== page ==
Thursday, May 26, 2005


Reasonable and True (birthday blog)

It is much easier to just not think about it. I often wish I could.

Thinking about it entails some attempt to understand it and to make sense out of it and to fit it into some sort of framework. Worse, thinking about it carries some sort of incentive or obligation to do something about it. Worst of all, thinking about it leads to some sort of sense of responsibility for it.

History is humbling. At least any attempt at honest history is so. There is no honest history, so an attempt is the best we can do. But since it is so deflating, perhaps it is the worst we can do.

The history of medicine is particularly damning for me, a physician. A mere century ago the truth was that all illness was caused by an imbalance of the vital humors. Today such beliefs are totally laughable. I know that all my truths of today will be totally discarded in the next century. But they are my truths, scientifically authenticated and verified, today.

Less pragmatic sciences, the "pure sciences" seek deeper truths and are more comfortable about discarding paradigms, for they are always seeking the best way to upset their current beliefs. Thus the history of science is also humorous in the truths that are embraced and then discarded, but less so because that is the game they intend to play.

More orthodox systems deal with the inevitability of change in more interesting ways.

Religion, the bastion of eternal truths, usually denies change. Instead, new truths (where DO they come from if not from Divine Inspiration?) engender new sects or new religions embodying the new REAL truths.

Politics, the bastion of the most ephemeral truths, also denies change. Politicians rewrite the past and rewrite the present: a most convenient way to handle the truth.

Politics and religion also kill off the opposition, thus silencing dissenting truths.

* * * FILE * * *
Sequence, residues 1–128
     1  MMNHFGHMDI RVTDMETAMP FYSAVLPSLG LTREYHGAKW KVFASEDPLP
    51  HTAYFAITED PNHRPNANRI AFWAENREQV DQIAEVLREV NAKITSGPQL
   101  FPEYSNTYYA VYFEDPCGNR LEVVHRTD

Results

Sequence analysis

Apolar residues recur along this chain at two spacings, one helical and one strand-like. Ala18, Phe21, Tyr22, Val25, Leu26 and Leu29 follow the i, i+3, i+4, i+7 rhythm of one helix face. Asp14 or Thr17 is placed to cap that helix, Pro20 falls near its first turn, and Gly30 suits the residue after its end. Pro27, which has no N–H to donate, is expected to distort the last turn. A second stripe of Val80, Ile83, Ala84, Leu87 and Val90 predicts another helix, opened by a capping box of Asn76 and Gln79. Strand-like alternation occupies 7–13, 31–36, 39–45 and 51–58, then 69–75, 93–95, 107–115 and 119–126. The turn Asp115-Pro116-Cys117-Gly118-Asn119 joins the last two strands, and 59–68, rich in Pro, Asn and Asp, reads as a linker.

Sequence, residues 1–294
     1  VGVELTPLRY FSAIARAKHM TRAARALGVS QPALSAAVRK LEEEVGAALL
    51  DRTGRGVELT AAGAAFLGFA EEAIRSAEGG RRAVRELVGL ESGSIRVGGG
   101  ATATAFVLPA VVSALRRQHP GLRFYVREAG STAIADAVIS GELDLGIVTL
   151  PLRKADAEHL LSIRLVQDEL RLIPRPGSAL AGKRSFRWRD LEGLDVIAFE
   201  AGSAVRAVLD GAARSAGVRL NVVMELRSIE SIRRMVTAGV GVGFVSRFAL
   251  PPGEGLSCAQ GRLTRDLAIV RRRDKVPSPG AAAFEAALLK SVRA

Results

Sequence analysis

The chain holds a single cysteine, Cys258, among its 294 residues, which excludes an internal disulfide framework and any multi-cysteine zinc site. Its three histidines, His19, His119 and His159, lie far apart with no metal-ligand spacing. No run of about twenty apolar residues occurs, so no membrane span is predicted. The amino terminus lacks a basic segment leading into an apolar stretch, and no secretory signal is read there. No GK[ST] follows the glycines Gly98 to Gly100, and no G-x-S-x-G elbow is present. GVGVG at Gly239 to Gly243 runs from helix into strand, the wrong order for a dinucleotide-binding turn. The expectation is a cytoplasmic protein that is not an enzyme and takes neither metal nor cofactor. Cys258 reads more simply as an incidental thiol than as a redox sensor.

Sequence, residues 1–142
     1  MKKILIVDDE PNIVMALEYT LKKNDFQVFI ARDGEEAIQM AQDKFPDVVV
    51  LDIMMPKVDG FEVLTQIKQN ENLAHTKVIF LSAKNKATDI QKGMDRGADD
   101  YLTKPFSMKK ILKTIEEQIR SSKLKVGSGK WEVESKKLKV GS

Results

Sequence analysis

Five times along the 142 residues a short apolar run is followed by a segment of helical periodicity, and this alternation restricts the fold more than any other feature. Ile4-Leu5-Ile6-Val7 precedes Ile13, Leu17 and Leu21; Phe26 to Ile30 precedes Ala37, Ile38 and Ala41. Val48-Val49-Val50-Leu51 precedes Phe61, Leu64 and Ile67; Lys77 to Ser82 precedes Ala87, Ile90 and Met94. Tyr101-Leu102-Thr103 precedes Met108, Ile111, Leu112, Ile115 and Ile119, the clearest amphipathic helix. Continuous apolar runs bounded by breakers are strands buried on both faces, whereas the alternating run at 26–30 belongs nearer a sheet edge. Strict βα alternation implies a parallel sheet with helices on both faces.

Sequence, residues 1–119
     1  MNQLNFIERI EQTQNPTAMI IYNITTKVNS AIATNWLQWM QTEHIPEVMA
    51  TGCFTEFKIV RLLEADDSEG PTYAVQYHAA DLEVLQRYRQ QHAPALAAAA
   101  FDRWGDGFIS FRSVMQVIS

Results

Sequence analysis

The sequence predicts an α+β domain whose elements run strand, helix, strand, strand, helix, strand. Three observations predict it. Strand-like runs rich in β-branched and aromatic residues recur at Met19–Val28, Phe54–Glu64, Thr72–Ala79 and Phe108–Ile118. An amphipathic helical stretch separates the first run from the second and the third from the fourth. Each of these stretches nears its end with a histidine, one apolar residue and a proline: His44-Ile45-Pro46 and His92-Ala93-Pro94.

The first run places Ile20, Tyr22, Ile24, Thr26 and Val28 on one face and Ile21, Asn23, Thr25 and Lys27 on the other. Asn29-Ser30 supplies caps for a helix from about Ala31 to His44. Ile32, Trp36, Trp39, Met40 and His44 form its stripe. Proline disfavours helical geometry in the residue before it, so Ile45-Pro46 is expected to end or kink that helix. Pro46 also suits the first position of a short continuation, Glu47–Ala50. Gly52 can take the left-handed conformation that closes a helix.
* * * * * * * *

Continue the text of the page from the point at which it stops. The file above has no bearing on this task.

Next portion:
Leaving politics and religion, science and medicine aside, dealing only with day to day truths is still an impossibility. My truth is just not your truth. I do not believe you and you do not believe me. How could I believe you?.... you are WRONG! How could you ever believe ME?... I am SURELY wrong!

So I put aside truth and its physical manifestation -- reality (best definition: "a collective hunch").

What about "reason"? If truth is an illusion or delusion, then how can we be reasonable?

Deductive logic works just fine if we know the truth. True premises lead to true conclusions. The problem is in deriving those premises. Pesky unreliability of "truth"!

Inductive logic, always empirically based, is at best a statistical approximation of reality, at worst, an experiential guessing game.

So I muddle on... doing the best I can with the absolute knowledge that nothing is true or real. Life and death decisions are made on guesses and approximations. In the bigger world, wars are fought based on transiently truthful "facts". Ideologies battle and lives are spent for conflicting truths. In their respective recordings of history, the bearers of truth will tell their opposing tales.

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